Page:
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Election 2004: Minister and Shadow Minister discuss Kyoto protocol.



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This transcript has been prepared by a source external to the Department of the Parliamentary Library.

 

It may not have been checked against the broadcast or in any other way. Freedom from error, omissions or misunderstandings cannot be guaranteed.

 

For the purposes of quoting verbatim from a transcript, it is advisable to verify the transcript against the broadcast.

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AM

 

Friday 1 October 2004

Election 2004: Minister and Shadow Minister discuss Kyoto protocol

 

DAVID HARDAKER: In Australia there's been a clear and long standing policy differe nce over whether to ratify the Kyoto protocol. 

 

Environment groups have endorsed the Labor party for promising it would sign up. But industry has strongly backed the Coalition for resisting pressure to ratify the protocol. 

 

Now Labor has seized on Russia's move, saying it leaves Australia even more isolated. 

 

Louise Yaxley reports. 

 

LOUISE YAXLEY: Russia's decision makes the political division in Australia over greenhouse gas emissions even more stark. 

 

Labor has already won the backing of environmental groups over its promise to sign up. Labor's environment spokesman Kelvin Thomson. 

 

KELVIN THOMSON: It leaves Australia and the United States isolated as the only developed countries which are not prepared to be part of the international effort to tackle climate change. It means we need to review our position, because if we do not ratify the protocol then the Australian environment, Australian farmers by way of increased droughts, and Australian business, who will be locked out of the clean development mechanism established by the protocol, will all be adversely affected.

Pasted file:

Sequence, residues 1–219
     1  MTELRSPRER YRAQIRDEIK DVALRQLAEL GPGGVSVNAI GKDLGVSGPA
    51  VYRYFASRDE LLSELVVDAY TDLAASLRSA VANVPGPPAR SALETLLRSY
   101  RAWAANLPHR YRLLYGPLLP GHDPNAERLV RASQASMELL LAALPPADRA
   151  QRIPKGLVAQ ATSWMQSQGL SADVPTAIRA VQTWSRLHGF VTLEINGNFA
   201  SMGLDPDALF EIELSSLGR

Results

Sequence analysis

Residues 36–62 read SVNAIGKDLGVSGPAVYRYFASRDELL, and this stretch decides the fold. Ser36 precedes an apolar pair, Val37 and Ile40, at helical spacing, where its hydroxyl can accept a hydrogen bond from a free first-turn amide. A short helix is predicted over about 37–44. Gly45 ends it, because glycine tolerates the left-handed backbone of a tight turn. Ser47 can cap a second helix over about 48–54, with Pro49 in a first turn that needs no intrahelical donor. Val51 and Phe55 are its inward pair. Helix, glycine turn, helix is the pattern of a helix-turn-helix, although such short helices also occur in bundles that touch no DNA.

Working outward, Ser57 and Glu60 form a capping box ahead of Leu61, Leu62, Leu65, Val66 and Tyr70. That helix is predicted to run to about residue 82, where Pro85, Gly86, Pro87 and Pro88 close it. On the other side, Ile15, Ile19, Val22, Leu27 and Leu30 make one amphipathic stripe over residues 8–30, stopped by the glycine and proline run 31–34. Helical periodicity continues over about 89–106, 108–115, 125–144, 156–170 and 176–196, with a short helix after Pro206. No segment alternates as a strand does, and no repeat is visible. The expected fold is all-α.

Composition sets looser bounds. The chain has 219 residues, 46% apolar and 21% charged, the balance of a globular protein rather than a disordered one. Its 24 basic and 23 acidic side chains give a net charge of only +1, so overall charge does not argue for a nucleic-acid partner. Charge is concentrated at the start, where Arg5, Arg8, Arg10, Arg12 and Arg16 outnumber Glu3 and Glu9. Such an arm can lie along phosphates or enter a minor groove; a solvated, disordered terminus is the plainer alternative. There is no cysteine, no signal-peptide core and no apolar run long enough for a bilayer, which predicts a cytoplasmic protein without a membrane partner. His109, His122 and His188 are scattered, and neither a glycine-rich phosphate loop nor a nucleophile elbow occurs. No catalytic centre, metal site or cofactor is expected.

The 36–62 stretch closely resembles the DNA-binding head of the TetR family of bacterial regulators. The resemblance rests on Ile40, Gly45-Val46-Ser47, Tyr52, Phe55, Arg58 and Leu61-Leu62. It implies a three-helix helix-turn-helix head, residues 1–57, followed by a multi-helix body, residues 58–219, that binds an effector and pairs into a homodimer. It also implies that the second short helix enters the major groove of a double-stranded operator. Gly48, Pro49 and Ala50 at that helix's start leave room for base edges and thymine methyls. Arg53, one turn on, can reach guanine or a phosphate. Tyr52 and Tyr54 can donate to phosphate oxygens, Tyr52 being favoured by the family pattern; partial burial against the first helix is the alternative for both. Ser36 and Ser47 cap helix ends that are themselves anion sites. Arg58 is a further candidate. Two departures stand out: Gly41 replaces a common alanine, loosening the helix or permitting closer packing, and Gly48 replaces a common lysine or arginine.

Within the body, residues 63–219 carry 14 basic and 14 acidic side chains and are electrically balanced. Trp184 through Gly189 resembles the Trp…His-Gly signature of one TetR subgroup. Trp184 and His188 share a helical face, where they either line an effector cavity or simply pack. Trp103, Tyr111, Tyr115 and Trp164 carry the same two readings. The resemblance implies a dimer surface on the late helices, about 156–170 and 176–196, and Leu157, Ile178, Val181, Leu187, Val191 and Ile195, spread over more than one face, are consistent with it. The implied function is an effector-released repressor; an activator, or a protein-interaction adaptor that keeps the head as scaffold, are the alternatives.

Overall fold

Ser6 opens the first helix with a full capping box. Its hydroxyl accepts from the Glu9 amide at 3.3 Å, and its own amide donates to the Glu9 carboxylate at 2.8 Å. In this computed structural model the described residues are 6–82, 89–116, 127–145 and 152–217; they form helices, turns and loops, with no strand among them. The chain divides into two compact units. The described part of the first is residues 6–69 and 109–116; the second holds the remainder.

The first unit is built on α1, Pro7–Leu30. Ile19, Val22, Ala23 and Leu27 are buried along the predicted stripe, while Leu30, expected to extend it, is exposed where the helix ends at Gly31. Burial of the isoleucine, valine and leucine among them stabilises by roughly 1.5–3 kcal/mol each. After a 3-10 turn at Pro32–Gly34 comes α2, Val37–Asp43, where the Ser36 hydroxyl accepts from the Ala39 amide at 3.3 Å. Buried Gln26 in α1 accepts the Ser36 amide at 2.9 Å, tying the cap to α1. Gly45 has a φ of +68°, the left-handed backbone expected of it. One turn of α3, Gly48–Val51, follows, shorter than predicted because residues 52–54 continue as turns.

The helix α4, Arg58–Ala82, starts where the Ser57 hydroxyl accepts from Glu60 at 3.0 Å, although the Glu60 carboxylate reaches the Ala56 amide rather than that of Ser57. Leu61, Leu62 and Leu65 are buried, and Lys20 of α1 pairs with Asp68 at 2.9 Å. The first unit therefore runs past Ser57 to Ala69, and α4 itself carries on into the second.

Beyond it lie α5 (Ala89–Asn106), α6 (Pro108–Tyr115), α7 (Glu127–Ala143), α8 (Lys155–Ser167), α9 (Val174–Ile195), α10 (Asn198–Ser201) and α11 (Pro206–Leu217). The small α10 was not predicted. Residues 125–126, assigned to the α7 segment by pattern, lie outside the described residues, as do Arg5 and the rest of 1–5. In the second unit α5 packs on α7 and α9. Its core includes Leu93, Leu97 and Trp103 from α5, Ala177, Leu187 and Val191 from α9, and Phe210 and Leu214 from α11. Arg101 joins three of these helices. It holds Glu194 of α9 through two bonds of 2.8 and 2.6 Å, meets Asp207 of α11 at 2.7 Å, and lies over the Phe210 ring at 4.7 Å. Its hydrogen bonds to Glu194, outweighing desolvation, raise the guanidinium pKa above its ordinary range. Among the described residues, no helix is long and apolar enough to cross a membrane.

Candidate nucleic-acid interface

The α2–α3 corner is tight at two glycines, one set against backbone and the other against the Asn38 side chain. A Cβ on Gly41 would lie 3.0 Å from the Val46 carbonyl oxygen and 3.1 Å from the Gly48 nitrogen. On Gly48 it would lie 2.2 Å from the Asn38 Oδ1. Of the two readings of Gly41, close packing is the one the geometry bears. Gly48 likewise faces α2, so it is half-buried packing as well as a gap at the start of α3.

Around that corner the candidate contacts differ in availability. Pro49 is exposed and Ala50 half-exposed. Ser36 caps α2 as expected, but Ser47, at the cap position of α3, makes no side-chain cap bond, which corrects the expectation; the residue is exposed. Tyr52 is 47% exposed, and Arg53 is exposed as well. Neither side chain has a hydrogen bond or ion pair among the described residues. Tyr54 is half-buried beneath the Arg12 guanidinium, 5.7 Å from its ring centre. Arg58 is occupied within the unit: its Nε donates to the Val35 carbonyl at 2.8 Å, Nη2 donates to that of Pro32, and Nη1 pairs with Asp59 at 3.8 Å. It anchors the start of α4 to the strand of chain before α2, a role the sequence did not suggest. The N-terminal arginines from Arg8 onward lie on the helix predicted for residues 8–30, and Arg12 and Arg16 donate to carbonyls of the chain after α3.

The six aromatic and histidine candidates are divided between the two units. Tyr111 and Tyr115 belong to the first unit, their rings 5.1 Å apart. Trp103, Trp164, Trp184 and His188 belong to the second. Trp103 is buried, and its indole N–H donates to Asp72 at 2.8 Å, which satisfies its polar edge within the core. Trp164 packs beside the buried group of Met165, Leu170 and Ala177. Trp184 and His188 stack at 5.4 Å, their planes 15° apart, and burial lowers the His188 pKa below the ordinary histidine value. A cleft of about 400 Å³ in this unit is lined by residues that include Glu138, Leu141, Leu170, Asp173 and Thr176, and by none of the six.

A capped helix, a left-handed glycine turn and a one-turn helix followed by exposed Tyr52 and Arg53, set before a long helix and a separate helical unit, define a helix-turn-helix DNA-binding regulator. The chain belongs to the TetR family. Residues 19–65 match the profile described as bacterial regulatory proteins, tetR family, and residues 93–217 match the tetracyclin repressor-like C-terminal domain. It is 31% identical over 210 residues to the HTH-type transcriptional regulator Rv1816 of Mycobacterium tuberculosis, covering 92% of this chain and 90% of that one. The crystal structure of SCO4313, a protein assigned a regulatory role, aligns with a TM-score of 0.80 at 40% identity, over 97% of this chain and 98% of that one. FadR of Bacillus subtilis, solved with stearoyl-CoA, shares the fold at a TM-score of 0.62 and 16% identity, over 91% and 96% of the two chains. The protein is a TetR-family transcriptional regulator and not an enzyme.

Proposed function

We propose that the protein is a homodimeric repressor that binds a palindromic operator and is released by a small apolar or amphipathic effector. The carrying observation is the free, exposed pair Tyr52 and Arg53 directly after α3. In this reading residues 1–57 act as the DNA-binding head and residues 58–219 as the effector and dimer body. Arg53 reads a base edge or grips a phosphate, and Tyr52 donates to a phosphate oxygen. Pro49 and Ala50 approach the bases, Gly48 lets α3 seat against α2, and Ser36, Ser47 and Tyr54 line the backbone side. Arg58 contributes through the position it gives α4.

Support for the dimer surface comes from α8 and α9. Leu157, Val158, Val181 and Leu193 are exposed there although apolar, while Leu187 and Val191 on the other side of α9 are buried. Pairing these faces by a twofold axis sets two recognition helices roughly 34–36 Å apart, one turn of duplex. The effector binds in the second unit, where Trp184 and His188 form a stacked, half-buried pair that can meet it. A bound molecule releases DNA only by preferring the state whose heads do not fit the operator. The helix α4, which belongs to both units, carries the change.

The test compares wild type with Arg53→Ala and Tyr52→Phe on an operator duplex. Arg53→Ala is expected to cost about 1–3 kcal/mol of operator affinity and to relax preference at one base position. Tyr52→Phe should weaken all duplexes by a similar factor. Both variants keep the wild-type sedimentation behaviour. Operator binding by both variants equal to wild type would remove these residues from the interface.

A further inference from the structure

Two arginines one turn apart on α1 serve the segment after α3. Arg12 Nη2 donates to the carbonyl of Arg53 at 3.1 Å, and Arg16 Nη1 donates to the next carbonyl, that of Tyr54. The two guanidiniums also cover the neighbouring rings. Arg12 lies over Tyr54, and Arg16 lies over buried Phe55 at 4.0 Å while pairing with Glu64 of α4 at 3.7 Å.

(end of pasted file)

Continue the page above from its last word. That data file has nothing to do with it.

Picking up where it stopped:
LOUISE YAXLEY: The Coalition is staunchly against ratifying the treaty - the Industry Minister Ian Macfarlane says it would cost Australian jobs. 

 

IAN MACFARLANE: Russia is signing up for a completely set of … completely different set of reasons. Australia will reach its Kyoto target, and it'll reach it without ratifying Kyoto, without introducing carbon taxes, without putting up the price of electricity, without costing jobs in Australia, which even by the Labor Party's own studies in Victoria could see over 10,000 jobs lost, due to ratification of Kyoto. 

 

LOUISE YAXLEY: As voters contemplate the two positions on climate change - the jobs issue is a powerful point. Labor's Kelvin Thomson's says moving to alternative energy sources can create jobs. 

 

KELVIN THOMSON: Our actions will generate jobs through the renewable energy industry. The renewable energy industry means regional jobs through co-generation projects, we'll benefit the sugar industry in Queensland, through wind farm projects, through solar projects, through a range of renewable energy projects - there will be jobs in regional Australia as a result of our policies. 

 

LOUISE YAXLEY: While Labor has run some plaudits for promising to sign up to Kyoto, Mr Macfarlane says the Coalition's critics should look at what's being delivered. 

 

IAN MACFARLANE: Australia has taken a practical approach which will see Australia as one of the only three or four countries in the world that will achieve its greenhouse gas targets. We are actually doing the practical things to ensure greenhouse gas reduction, not signing a diplomatic piece of paper which still sees the signatories exceeding the greenhouse gas emissions. 

 

DAVID HARDAKER: Coalition Energy Minister, Ian Macfarlane, ending Louise Yaxley's report.